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Rock Hill

Virginia Laffitte McCrae, 90, died peacefully on October 7, 2017 at Rock Hill Post Acute Care Center where she had been a resident for over three and one-half years. She was born on October 18, 1926, in Denmark, S. C., the daughter of Thomas Patterson McCrae of Denmark and Sarah (Sadie) Edwards Richards McCrae of Liberty Hill, where she spent her childhood and some of her adult life in retirement. In addition to her parents, she was predeceased by her brothers, John Richards McCrae of Spartanburg, S.C. and Stephen Richards McCrae and his wife, Miriam Cook McCrae, of Fort Mill and Rock Hill, S. C., and her niece, Susan McCrae Moore of Rock Hill, S. C..  She is survived by her nephews and nieces, Stephen R. McCrae, Jr. (Mindy) of York, S. C., John R. McCrae, II (Beth) of Fort Mill, Angela H. McCrae of Fort Mill, and Leslie W. Moore (widower of Susan) of Rock Hill,14 grandnieces and nephews, 9 great-grand nieces and nephews, and many beloved cousins.  She was proud of and adored all her Richards clan relatives.

Virginia had a strong faith in God and was steadfastly loyal to the Presbyterian Church USA.  A lifelong member of Liberty Hill Presbyterian Church, serving on the board of trustees of its cemetery association, she regularly attended other Presbyterian USA churches in towns where she was living at the time, including Bethesda Camden, Oakland in Rock Hill and First Presbyterian of York, and made and maintained many friendships in all those churches.

Deemed by those who knew her as a “character” in every good sense of that term, she was decidedly a people person and loved interaction with all she met, no matter their age, race, background, and political or religious affiliation.  Attending the public schools of Camden, S.C., she maintained her many friendships made there until her death.  That love of people was further borne out by her choosing a major of sociology at Winthrop College under the encouragement of her beloved life-long mentor, Professor Dr. Dorothy G. Jones, and, after college graduation, working for 30 years as a social worker for the State of South Carolina until her retirement in the early 1980’s.  No one enjoyed retirement more than Virginia, and that was especially evident to those who encountered her annually at the Carolina Cup in Camden, making the rounds joyfully and engagingly in her medallion-bedecked hat.  She loved parties and family celebrations, arriving to them often after having driven long distances in her VW bug accompanied by at least 3 of her coddled yipping miniature French poodles. She had a strong alto voice, singing in many choirs over the years.  She also satisfied her love of music by attending frequently opera performances, chorales and classical music concerts, joining and maintaining her membership in a number of music clubs, spending many summers in Brevard Music Center where her brother was director of the Brevard Center Opera Workshop, and forming close and enduring friendships with professional opera singers and concert pianists all over the Country.  She also found time to publicly show her love of the Carolina Gamecocks, wearing Gamecock decals even on her eyeglasses, and attending their football games in Columbia and on the road whenever she could scrape up the money for a bus ticket. She loved to travel with groups, especially to exotic places, such as Brazil. One of her ways to earn money in retirement to fund her travels was working as a court bailiff in both Kershaw and York Counties, which also satisfied her love of people in law enforcement and those who were called to serve on juries.  She also was a perennial volunteer worker in the Republican Party on the local and State levels, in gleeful opposition to most of her McCrae family members whose political leanings are elsewhere.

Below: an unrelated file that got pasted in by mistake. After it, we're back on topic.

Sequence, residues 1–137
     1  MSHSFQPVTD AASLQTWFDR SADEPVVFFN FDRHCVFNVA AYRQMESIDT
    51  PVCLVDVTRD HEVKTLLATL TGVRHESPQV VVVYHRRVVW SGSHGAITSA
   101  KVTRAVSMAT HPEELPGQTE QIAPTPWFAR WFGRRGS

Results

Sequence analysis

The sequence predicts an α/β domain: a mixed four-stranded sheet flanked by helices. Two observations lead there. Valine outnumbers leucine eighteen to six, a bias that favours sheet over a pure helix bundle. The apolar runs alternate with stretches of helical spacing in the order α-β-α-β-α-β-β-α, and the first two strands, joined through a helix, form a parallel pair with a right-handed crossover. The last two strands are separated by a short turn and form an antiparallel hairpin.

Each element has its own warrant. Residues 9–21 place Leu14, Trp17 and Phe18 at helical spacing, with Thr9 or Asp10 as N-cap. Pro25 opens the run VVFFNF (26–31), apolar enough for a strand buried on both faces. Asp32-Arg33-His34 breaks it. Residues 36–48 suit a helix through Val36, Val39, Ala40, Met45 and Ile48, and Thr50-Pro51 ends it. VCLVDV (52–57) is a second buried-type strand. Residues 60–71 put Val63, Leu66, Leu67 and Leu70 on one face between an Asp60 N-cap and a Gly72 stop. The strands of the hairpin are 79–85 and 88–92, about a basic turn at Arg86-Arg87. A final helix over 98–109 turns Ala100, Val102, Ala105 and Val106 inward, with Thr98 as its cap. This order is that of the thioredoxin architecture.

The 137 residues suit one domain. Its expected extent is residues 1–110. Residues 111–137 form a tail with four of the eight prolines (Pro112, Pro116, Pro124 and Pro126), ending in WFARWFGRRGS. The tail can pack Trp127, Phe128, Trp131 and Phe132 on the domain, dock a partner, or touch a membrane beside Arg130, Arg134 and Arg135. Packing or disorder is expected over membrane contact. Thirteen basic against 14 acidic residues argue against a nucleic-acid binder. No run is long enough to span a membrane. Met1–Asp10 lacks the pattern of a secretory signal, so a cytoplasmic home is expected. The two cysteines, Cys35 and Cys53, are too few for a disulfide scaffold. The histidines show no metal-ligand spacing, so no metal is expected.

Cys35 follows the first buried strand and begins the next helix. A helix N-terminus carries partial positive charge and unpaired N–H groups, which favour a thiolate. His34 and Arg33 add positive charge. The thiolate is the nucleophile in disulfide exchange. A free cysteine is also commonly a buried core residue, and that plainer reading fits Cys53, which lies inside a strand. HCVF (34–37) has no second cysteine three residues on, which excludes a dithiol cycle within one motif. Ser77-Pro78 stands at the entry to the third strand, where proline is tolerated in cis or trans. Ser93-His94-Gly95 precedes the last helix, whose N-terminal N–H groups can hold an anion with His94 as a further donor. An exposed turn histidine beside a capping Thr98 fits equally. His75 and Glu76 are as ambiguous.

Virginia took pride in her independence and self-sufficiency, becoming an ace markswoman with both a 12-gauge shotgun and a 22-rifle to the misfortune of any cottonmouth or squirrel she might encounter.  Still, promoting her gentler side, she spent much enjoyable time doting on her beloved aunts, Misses Margarette and Bettie Richards and Mrs. Virginia Richards Sauls, in their retirement years at Springdale Village in Camden. Even during her declining last years, Virginia made many friends and enjoyed joking with the staff and other residents at Rock Hill PAC Center up until a week before her death.  Virginia’s Family members are grateful, as she was, to the wonderful staff at Rock Hill (formerly Agape) PAC Center and Cathy Clinton of Agape Hospice for their competent and compassionate care of Virginia for almost four years.

A Christian service celebrating Virginia’s life will be led by her first cousins, Reverend James B. Bankhead and Reverend Ike Kennerly, at Liberty Hill Presbyterian Church, 18 Meeting Lane, off S. C. Highway 97, in Liberty Hill, starting at 11:30 a.m. Saturday, October 21, 2017.  The family will greet visitors afterwards at the Bettie Richards Hall on the church grounds. In lieu of flowers, the family suggests a memorial gift to a Presbyterian Church USA congregation of one’s choosing.